This. If something can provably be done in violation of the laws of physics (like, for example, creating fire with no catalyst that burns with no fuel), a good scientist doesnt state dumbfounded and protest "but that's against the rules!" A good scientist asks "how was my understanding of the laws of physics wrong?" If fuelless fire can be made by repeatable processes, it doesn't matter if those processes fit within the current understanding of science, science will adapt to account for this new possibility. Because science isn't a system of rules, it's a process of explaining how things work.


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                          • #58
                            Perhaps a better corollary for Clarke's Third Law would be "any sufficiently understood magic is indistinguishable from technology."


                            Onyx Path Forum Moderator

                            My mod voice is red. I use it so you know when I'm speaking in an official capacity, not as an indication of tone.

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                            • #59
                              Originally posted by Vent0 View Post

                              Of course, if that mage recasts and studies their Fireball, seeking to quantify how hot it gets, and/or how they can improve their casting by understanding the details, that is still science again. And if they apply that knowledge, we are back to technology...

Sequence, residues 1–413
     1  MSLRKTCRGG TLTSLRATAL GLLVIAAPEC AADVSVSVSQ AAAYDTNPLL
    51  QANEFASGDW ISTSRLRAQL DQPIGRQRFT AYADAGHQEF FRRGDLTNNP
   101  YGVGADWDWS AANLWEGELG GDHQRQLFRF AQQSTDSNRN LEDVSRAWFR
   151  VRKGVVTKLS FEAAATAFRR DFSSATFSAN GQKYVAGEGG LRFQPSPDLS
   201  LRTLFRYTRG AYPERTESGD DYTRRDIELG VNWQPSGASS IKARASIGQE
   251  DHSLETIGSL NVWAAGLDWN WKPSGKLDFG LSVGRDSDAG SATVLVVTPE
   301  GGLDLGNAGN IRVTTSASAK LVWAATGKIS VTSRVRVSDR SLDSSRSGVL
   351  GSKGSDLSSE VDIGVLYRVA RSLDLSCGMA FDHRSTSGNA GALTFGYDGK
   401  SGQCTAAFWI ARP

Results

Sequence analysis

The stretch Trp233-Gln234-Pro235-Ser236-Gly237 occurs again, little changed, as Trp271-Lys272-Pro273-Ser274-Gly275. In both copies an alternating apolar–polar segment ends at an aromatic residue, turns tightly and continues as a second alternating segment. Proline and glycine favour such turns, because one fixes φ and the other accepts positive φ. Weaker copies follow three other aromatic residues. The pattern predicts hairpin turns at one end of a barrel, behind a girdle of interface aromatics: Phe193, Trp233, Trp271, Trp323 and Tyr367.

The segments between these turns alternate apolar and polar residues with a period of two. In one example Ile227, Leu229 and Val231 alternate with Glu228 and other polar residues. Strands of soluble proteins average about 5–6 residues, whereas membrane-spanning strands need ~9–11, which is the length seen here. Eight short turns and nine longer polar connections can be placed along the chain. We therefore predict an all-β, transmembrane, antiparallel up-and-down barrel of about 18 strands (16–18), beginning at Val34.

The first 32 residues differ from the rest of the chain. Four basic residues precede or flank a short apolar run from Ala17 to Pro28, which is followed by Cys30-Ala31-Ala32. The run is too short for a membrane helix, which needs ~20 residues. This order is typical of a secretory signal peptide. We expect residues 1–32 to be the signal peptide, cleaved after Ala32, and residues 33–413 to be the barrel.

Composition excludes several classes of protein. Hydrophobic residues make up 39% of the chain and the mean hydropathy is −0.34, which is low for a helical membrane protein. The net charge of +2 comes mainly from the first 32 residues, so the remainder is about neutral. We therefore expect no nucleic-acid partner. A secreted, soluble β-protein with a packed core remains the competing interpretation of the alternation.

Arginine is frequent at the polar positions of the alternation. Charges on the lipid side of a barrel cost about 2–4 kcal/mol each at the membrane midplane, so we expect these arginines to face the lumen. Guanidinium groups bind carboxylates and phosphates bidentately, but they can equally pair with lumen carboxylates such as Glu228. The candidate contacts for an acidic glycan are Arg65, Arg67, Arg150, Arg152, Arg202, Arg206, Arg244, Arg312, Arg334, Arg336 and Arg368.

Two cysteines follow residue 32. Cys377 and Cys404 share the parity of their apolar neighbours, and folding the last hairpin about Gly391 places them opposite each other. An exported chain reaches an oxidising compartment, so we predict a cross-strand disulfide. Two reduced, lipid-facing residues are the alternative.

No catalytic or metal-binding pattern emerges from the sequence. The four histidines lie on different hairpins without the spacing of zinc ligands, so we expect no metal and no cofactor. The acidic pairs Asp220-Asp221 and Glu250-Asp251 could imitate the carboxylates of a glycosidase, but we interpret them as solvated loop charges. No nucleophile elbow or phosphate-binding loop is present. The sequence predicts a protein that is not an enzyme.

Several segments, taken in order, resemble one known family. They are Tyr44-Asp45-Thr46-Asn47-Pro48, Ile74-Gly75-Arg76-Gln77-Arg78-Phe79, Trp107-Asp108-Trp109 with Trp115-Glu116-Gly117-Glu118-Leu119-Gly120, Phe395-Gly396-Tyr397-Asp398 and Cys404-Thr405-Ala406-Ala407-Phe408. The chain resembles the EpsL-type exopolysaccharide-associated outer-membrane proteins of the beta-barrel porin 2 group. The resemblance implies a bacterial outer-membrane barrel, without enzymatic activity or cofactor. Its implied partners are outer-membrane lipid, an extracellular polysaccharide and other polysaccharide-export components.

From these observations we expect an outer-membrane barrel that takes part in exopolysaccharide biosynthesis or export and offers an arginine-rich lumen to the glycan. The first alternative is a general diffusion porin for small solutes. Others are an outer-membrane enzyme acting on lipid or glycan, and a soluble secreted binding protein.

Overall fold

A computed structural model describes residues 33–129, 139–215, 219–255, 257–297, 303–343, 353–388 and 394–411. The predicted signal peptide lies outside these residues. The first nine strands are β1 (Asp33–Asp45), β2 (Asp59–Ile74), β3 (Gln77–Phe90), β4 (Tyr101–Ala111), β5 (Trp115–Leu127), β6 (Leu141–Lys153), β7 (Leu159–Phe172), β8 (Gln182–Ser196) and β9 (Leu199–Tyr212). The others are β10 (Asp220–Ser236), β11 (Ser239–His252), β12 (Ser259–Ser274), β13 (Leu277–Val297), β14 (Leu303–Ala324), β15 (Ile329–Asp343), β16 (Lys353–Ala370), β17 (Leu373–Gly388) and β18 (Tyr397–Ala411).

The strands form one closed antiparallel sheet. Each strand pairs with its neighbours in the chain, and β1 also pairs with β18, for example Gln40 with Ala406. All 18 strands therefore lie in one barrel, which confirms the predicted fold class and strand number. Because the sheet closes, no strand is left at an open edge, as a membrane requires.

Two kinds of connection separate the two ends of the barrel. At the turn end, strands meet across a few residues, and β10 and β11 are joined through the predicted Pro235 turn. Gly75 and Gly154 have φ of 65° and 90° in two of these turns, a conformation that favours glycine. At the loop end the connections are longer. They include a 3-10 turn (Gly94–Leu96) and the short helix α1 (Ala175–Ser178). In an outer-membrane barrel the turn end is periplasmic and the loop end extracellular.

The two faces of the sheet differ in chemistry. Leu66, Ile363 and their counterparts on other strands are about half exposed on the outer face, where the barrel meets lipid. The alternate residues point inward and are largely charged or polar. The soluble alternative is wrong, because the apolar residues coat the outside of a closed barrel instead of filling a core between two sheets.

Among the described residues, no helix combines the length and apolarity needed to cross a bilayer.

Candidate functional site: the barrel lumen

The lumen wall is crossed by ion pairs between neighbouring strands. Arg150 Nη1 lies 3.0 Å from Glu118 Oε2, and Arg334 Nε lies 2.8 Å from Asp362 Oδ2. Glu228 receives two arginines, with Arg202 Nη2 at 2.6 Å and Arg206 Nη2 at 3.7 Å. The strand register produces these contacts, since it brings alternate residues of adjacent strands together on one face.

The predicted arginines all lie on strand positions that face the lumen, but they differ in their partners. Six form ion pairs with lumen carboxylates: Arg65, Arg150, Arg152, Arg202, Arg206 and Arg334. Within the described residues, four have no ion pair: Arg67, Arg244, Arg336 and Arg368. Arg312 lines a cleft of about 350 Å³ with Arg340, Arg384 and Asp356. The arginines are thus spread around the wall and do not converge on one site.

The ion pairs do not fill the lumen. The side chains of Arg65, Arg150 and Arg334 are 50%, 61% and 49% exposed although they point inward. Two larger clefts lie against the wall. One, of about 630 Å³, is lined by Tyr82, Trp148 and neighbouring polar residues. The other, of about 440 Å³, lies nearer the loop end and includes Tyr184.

No, because again; the fire isn't operating under the boundaries of scientific observation. The fire is behaving in the fashion that it does simply because the mage in question wants the fire to do so. They will the fire to burn hotter, so it burns hotter, they will the fire to burn without fuel, so it burns without fuel, they will it to hold a specific shape or consistency, est. It's impossible to quantify, because it's only limitations are those of the mage's own imagination and personal training.

                              They could use science and technology in order to simulate the spell, but it would not be the same thing as actually using magic.


                              Take Dungeons and Dragons, for example. The spell "Burning Hands" allows the mage to expel a cone of flames from their hands. Now I could, in theory, strap a portable flame thrower to my wrists and shoot fire in that way. But I'm not casting Burning Hands, I'm using a machine to simulate the casting of Burning Hands.
                              Last edited by Nyrufa; 04-10-2017, 09:25 PM.

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                              • #60
                                Originally posted by Nyrufa View Post
                                No, because again; the fire isn't operating under the boundaries of scientific observation. The fire is behaving in the fashion that it does simply because the mage in question wants the fire to do so. They will the fire to burn hotter, so it burns hotter, they will the fire to burn without fuel, so it burns without fuel, they will it to hold a specific shape or consistency, est. It's impossible to quantify, because it's only limitations are those of the mage's own imagination and personal training.
                                What you're describing is science. The mage is aware of what it takes to make the fire, and they use their will and Supernal symbology to bring it about instead of flint and steel.

                                The only way you're getting away from science in mage is if you work solely with Abyssal magic.

                                Supernal magic has rules, those rules are science, gained through experimentation and observation.